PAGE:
Friday, September 9, 2011

Inconvenient truth: Antarctica sea ice extent growing 1.43% per year

A paper published today in the Journal of Climate examines the trend of sea ice extent along the East Antarctic coast from 2000 to 2008 and finds a significant increase of 1.43% per year.

Journal of Climate 2011

East Antarctic landfast sea ice distribution and variability, 2000–2008

Alexander D. Fraser et al

Abstract: We present the first continuous, high spatio-temporal resolution time series of landfast sea ice extent along the East Antarctic coast, for the period March 2000 to December 2008. The time series was derived from consecutive 20-day cloud-free MODIS composite images. Fast ice extent across the East Antarctic coast shows a statistically-significant (1.43±0.30% yr−1) increase. Regionally, there is a strong increase in the Indian Ocean sector (20° E to 90° E, 4.07 ± 0.42% yr−1), and a non-significant decrease in the Western Pacific Ocean sector (90° E to 160° E, −0.40 ±0.37% yr−1). An apparent shift from a negative to a positive extent trend is observed in the Indian Ocean sector from 2004. This shift also coincides with a greater amount of interannual variability. No such shift in apparent trend is observed in the Western Pacific Ocean sector, where fast ice extent is typically higher and variability lower than the Indian Ocean sector. The limit to the maximum fast ice areal extent imposed by the location of grounded icebergs modulates the shape of the mean annual fast ice extent cycle, to give a broad maximum and an abrupt, relatively transient minimum. Ten distinct fast ice regimes are identified, related to variations in bathymetry and coastal configuration. Fast ice is observed to form in bays, on the windward side of large grounded icebergs, between groups of smaller grounded icebergs, between promontories, and upwind of coastal features (e.g., glacier tongues). Analysis of the timing of of fast ice maxima and minima is also presented and compared with overall sea ice maxima/minima timing.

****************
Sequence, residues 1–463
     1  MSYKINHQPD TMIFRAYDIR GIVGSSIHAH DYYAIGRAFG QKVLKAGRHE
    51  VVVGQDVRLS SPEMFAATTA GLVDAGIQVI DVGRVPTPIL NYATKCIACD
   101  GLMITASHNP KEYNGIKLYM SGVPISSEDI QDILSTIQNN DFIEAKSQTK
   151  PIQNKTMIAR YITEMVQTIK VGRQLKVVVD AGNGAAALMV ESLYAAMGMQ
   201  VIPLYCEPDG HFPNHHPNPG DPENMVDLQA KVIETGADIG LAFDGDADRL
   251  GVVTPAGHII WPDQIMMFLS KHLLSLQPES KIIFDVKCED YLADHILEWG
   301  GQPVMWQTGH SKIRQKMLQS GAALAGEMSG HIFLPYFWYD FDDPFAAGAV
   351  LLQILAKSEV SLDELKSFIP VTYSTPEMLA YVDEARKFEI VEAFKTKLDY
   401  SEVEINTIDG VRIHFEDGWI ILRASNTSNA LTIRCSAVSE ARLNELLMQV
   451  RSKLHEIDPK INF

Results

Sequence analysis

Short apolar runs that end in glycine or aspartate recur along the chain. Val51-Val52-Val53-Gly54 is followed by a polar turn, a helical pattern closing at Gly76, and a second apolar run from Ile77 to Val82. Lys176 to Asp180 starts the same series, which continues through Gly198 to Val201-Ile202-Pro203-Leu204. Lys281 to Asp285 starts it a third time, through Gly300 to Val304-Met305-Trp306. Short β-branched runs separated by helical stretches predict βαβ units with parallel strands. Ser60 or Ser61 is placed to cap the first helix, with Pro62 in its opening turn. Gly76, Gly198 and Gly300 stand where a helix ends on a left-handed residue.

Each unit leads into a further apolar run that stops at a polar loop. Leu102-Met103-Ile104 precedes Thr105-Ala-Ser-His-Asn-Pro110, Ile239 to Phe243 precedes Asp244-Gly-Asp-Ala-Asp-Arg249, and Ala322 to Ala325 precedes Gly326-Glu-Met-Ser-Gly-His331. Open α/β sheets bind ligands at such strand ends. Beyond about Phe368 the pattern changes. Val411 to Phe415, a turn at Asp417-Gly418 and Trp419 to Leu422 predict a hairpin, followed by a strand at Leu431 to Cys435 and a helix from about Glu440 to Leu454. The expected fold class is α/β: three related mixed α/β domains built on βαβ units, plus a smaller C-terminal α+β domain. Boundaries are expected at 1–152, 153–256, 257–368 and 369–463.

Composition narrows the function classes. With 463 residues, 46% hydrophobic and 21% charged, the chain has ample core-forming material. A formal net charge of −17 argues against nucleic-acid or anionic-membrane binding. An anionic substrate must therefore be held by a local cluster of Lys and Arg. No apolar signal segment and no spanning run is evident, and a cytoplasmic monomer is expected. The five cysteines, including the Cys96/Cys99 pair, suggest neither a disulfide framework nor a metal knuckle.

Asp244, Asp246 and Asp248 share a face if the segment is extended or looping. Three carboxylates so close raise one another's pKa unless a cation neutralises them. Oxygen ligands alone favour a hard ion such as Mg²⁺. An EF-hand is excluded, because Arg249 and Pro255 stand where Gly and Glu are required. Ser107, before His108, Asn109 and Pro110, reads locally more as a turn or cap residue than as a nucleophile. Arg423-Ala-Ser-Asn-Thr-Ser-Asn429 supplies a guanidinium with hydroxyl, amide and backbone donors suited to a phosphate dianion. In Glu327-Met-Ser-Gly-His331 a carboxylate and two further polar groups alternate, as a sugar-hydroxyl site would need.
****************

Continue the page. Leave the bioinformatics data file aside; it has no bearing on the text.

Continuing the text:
1. This isn't news and here's an explanation from a couple years ago:

    But it's not all bad as we'll have lots of crab for dinner:

  2. Oh, that old chestnut again.

    The hypothesis that increased Antarctic sea extent is due to the "the ozone hole" is just that, an untested hypothesis.

    Come back when you have found a study that correlates observed sea-ice extent with observed ozone levels.

    A more interesting theory, one actually backed up by direct data shows that a correlation exists between temperature changes in the Arctic and Antarctic.

    Researchers on the European Project for Ice Coring in Antarctica (EPICA) have used ice-cores from Antarctica and Greenland to study 150,000 years of climate history which reveal both regions are connected by ocean currents in a see-saw climate relationship.

  3. Senator Inhofe mentions this study on the Senate floor:

  4. So the Antarctic sea ice extent is growing. And the Arctic sea ice extent is shrinking. Taking the two together, global sea ice extent is about average.